The results of two studies released in January will attack the couch potato tendencies present in many of us! Too much time in front of a TV or computer appears to dramatically increase the risk of heart disease and premature death from any cause, even regardless of how much exercise a person gets. Taking plenty of breaks, even if they are as little as one minute, appear to be good, both for people’s hearts and their waistlines.
One study, published in the European Heart Journal, look at the links between the amounts of time a person spends sitting down as well as breaks in sedentary time, with various indicators of risk for heart disease, metabolic diseases such as diabetes, and inflammatory diseases such as blocked arteries. The study found that even in people who moderately or vigorously exercised, those who had prolonged times where they were sedentary had larger waist circumferences, lower levels of HDL (“good”) cholesterol, higher levels of C-reactive protein (an important marker of inflammation) and triglycerides (blood fats).
The other study found that people who devote more than four hours to on screen-based entertainment like watching TV, using the computer, or playing video games are more than twice as likely to have a major cardiac event that involves hospitalization, death or both, than those who spend less than two hours a day on these activities. As reported in the Journal of the American College of Cardiology, there was a 48% increased risk of mortality in those spending four or more hours a day on screen-based entertainment and an approximately 125% increase in risk of cardiovascular events in those spending two or more hours a day. These associations were independent of traditional risk factors such as smoking, hypertension, BMI, social class, as well as exercise.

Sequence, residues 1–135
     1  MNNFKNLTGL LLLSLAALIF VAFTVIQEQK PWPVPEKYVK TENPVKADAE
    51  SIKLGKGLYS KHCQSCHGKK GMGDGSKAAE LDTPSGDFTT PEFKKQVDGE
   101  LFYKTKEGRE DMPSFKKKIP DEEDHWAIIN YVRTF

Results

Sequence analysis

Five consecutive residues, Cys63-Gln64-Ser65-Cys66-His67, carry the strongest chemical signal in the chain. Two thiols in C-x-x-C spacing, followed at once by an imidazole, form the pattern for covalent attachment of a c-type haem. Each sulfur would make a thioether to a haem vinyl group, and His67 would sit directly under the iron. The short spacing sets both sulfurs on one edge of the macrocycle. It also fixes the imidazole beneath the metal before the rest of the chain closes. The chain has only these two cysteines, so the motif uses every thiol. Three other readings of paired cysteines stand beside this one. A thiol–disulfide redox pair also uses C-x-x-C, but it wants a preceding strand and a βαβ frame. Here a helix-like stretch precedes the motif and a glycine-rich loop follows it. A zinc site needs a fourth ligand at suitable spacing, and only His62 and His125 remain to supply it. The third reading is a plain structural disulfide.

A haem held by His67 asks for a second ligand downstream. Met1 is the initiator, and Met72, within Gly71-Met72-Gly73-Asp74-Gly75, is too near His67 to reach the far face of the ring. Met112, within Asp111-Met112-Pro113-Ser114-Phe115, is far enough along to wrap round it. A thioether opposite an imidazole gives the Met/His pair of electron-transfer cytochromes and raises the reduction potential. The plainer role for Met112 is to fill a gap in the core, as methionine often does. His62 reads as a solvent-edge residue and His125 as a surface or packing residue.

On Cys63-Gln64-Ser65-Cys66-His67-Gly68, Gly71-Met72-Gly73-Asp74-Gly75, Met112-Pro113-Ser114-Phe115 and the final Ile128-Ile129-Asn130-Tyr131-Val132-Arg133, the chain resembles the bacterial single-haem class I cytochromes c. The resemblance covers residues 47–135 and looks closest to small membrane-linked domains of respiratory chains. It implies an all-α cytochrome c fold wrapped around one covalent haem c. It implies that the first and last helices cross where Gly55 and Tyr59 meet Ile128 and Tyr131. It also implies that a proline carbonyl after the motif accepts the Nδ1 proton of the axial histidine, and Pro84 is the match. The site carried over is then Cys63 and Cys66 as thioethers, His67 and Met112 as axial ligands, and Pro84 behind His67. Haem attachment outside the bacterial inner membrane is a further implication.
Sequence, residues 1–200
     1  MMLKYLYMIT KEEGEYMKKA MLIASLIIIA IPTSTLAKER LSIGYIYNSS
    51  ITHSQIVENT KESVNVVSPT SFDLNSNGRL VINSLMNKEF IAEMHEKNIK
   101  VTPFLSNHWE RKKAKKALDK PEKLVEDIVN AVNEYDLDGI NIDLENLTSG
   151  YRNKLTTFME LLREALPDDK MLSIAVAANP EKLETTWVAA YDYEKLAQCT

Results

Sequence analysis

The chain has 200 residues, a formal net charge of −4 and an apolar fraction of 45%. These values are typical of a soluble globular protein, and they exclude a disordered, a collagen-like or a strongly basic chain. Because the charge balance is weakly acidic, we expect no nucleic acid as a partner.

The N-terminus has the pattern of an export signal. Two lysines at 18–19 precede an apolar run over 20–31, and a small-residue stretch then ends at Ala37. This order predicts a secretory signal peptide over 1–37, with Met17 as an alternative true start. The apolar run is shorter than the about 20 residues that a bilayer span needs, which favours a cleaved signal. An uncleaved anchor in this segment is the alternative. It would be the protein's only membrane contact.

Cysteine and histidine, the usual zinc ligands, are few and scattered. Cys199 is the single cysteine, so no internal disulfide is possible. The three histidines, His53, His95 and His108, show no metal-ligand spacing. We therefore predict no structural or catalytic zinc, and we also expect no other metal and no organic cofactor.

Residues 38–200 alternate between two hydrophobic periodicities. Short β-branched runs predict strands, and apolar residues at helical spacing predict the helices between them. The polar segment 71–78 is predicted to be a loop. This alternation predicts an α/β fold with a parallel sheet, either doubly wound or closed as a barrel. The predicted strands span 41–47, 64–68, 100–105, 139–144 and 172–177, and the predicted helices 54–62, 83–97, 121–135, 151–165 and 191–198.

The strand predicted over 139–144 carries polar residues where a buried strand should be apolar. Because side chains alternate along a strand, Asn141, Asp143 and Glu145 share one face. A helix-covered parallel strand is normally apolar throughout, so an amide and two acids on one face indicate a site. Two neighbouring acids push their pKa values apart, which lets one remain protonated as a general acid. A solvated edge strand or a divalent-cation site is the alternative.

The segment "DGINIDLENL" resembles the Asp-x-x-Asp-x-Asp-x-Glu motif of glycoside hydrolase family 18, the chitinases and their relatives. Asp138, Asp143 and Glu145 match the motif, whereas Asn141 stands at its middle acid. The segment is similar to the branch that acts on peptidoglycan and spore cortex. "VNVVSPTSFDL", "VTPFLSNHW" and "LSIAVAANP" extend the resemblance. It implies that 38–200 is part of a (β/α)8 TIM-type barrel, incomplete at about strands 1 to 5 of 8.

Even small changes such as standing up for one minute, might help to lower health risks associated with sedentary lifestyles. Some other ideas include taking timeout to stretch; some companies even do group stretches a few times each shift. When reaching for the phone to talk with a co-worker down the hall, stand up and walk over instead. Park farther away from the store or office entrance you’re going to. Take a few trips to the mail/supply room every day rather than going on just one mail run. Use the stairs, rather than the elevator.
Every hour or so, whether at work or home, find an excuse to get up from your chair and give your body an opportunity to move around a little. Your heart will appreciate it!